A concept I’ve been working with lately is understanding the “whys” behind appropriate spacing of top set progression for each individual athlete. And as I have been diving further into this, and seeing other coaches post similar thoughts as well, I decided per usual I needed to conceptualize this within a data based approach. The fact is, most people are not as strong at the beginning of a training block as they are at the end. That is kind of the whole purpose of most structured training. Yet people plan loading and progression rates as if they have a static training max, ignoring the concepts of adaptation before overload and the repeated bout effect. In my latest YouTube video, I wanted to get this concept down on paper and theorize how this is actually applied based on different lifter scenarios. I looked at the difference in static versus variable training maxes and how they should affect block progression planning. I detailed how an athlete can plan their block accordingly based on their end of block goals by using past training. And lastly I show how to customize weekly training ranges within RPE prescriptions for both coaches and athletes. Hopefully this video helps to give you a better idea of how to conceptualize week to week top set progression to plan accordingly to get the best results. Click the link above to view!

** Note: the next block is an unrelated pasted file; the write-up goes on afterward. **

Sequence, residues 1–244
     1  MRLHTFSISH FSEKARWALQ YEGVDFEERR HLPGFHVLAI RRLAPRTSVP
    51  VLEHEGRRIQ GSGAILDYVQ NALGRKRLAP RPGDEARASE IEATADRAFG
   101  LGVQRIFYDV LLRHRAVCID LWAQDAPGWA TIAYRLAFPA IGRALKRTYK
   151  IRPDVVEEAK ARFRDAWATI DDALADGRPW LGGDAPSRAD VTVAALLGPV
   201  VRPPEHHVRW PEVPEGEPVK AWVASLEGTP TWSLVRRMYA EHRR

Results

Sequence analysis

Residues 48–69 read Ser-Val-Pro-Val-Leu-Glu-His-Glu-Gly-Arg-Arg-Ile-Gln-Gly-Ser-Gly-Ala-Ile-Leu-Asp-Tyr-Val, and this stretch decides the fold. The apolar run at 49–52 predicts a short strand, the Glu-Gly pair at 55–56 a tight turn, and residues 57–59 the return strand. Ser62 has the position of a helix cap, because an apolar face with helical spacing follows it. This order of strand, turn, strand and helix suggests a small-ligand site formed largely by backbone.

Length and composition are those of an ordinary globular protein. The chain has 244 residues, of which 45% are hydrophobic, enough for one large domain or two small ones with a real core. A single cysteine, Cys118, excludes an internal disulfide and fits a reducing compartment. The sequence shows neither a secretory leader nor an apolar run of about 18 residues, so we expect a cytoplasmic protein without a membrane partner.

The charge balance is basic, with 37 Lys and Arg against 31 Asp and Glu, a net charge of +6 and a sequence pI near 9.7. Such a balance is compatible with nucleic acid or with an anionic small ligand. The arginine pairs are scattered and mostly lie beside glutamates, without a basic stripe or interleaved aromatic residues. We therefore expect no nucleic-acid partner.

Programming For Weighted Dips

Programming For Weighted Dips

If it isn’t blatantly obvious from story posts I’ve made, I really like weighted dips. Official Bro Science University conducted research has shown that there is a direct correlation to being jacked and being able to rep out multiple plates on weighted dips. But in seriousness, we see a lot of the top lifters and strongest benchers hitting some pretty impressive sets on weighted dips. And as I have posted some of my athlete’s weighted dip accomplishments, I have gotten a lot of messages on how I program them, to the point where I felt it must be a larger question people want answered through a more encompassing informative post.